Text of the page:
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Chaplain's Corner: Expectant hope buds with the approach of spring

By Army Chaplain (Maj.) Will Harrison | JBER Chaplain | March 11, 2015

JOINT BASE ELMENDORF-RICHARDSON, Alaska —
 


The "Chaplain's Corner" offers perspectives to enhance spiritual/religious resiliency in support of Air Force and Army Comprehensive Fitness programs.

Comments regarding specific beliefs, practices, or behaviors are strictly those of the author and do not convey  endorsement by the U.S. government, the Department of Defense, the Army, the Air Force, Joint Base Elmendorf-Richardson, or the 673d Air Base Wing.
 


With an exceptionally warm winter this year, many of us are already in the thick of preparation for spring and summer activities. The doldrums of winter have been mild and we feel the light increase daily.

The annual cycle of birth and death is preparing to begin again as the sun rises higher and new life begins to break through. We can feel the expectation in our own lives and growing sense of hope with each passing day.

Throughout the history of the world, religions have recognized this cycle of life and death that is marked in the seasons. Groups have identified and worshiped deities based on this cycle and spiritual myths have been woven to explain and celebrate this yearly pattern that we move through.

It is the myth of the creating god bringing life to the world, then dying to nourish the world and rising to new life, bringing the creation with it.

This myth exists in ancient African, Middle Eastern, Asian, Nordic, North American, and European religions. It is something that we all can sense and see in the world around us. That connection to the earth draws many people to worship in and through this myth. Even Christians participate in this - though in a significantly different manner.

Christianity claims that this is not merely myth, but rather that the myth is a reminder - a type, a preparation - of reality.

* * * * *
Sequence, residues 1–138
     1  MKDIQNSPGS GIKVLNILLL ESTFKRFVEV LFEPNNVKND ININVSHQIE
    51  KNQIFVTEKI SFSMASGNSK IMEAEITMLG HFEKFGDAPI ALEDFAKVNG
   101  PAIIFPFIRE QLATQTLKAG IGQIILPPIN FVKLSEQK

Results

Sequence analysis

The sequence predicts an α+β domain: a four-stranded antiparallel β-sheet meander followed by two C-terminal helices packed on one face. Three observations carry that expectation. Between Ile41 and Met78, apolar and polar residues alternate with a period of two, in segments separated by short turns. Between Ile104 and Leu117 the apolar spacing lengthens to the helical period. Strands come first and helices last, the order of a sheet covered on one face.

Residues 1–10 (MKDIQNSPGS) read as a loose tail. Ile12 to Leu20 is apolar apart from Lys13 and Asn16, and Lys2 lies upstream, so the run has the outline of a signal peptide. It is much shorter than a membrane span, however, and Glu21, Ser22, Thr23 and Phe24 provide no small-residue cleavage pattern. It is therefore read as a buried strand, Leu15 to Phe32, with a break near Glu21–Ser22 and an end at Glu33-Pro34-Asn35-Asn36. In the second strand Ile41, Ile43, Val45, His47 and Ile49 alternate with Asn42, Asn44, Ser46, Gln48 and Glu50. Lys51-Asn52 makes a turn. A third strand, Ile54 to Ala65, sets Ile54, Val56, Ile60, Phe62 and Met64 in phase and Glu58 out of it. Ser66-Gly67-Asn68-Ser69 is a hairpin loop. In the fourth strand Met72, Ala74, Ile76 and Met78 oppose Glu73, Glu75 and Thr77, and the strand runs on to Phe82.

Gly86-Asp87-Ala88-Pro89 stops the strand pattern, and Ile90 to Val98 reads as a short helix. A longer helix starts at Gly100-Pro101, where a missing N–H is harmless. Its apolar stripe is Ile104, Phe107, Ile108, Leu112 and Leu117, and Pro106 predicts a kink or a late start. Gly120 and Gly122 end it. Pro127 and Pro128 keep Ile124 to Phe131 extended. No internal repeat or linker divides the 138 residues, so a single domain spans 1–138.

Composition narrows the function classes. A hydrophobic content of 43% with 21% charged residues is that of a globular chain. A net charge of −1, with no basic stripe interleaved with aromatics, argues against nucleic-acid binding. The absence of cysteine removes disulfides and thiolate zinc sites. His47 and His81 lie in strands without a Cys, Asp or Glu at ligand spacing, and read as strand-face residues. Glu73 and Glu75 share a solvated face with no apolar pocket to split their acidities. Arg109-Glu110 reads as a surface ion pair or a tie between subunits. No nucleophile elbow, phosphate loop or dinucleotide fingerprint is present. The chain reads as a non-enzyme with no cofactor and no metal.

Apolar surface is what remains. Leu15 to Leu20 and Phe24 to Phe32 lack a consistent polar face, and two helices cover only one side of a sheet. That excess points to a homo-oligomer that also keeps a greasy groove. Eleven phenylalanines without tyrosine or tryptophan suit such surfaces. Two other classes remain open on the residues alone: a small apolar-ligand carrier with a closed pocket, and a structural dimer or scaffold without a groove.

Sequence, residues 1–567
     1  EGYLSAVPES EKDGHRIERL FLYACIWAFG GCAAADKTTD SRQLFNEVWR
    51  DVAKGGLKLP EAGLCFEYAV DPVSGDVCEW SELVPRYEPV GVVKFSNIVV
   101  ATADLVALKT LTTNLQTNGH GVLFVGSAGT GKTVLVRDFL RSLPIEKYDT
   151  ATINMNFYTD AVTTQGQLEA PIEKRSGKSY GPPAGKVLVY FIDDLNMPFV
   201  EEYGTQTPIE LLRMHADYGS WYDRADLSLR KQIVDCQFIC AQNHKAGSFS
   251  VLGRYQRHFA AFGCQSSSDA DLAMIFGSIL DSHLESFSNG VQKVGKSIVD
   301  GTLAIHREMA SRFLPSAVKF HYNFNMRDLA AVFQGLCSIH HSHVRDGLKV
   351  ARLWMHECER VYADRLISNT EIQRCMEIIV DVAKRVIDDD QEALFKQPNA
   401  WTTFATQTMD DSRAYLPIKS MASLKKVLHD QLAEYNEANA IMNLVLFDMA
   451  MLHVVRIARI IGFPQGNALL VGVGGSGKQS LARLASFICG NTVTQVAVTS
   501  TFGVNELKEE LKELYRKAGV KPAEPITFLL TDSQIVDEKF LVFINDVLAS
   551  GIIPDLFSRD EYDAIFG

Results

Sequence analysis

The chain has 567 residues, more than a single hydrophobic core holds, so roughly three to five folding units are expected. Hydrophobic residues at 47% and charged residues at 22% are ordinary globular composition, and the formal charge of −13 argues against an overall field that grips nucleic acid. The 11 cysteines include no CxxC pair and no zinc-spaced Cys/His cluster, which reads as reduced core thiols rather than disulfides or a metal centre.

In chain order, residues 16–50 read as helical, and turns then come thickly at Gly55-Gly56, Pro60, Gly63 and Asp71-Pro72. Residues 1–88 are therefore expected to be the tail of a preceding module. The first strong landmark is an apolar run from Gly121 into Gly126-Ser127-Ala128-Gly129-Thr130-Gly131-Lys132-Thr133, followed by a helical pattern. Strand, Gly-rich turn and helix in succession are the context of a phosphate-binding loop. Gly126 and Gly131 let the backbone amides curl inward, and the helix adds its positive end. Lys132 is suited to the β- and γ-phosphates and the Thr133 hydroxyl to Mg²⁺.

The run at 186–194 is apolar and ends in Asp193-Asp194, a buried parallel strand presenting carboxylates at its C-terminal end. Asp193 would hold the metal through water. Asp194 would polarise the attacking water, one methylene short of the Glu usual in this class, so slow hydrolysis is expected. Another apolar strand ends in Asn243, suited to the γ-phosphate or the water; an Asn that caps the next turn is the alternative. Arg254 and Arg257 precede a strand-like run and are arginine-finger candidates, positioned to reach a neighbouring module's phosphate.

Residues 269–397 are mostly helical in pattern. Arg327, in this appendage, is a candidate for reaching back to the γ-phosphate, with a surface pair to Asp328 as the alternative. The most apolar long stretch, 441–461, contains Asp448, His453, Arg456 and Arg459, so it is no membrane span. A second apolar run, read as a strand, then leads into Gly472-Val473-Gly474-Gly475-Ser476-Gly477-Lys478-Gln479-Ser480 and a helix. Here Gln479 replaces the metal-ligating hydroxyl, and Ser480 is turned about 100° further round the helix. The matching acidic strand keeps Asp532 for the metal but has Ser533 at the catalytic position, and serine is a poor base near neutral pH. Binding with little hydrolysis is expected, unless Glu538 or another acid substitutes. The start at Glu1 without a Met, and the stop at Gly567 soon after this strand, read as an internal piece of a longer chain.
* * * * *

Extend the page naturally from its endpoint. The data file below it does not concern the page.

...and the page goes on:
Christians believe this myth we see all around us actually happened, and that the cycle of life is reflective of God's actions in and through Jesus Christ on behalf of the creation. As C.S. Lewis said, Jesus is the myth made real.

It is in Jesus Christ, Christians say, that the creator brought about the world and filled it with life. It was for the love of this world that Jesus died, and through his death and resurrection the world can be brought to new life.

It is no mistake the highest Christian holy day, Easter, takes place in the spring.

It is a recognition by Christians that new life comes through Jesus Christ's resurrection.

That this new life does away with the barren deadness that marks our lives apart from our creator. It is both the culmination of God's efforts to stop the advance of death and the initiation of a life lived in a new created order.

For many people, the cold barrenness of winter, even a mild one, is reflective of their own inner barren deadness and they see no spring coming in the months ahead. It is difficult to live without hope and without the prospect of new life.

If that is you, consider looking at the ways in which billions of people throughout the world have addressed the barrenness of their own soul. Patterns help us; myths bring meaning and power to our lives. And myths that are more than myth, that are real, can change a life to bring the inner warmth and life of a new birth in the soul.

And for those who have that spring, and feel the budding hope of new life, consider those around you. It is very easy to get wrapped up in our own experiences and our own preparations for the activities ahead. Look at those around you who may not be able to share your joy and expectant hope.

Share that joy that is in you with those that may not have it. Invite them to participate in your springtime celebrations and experience the myth made real in your own life.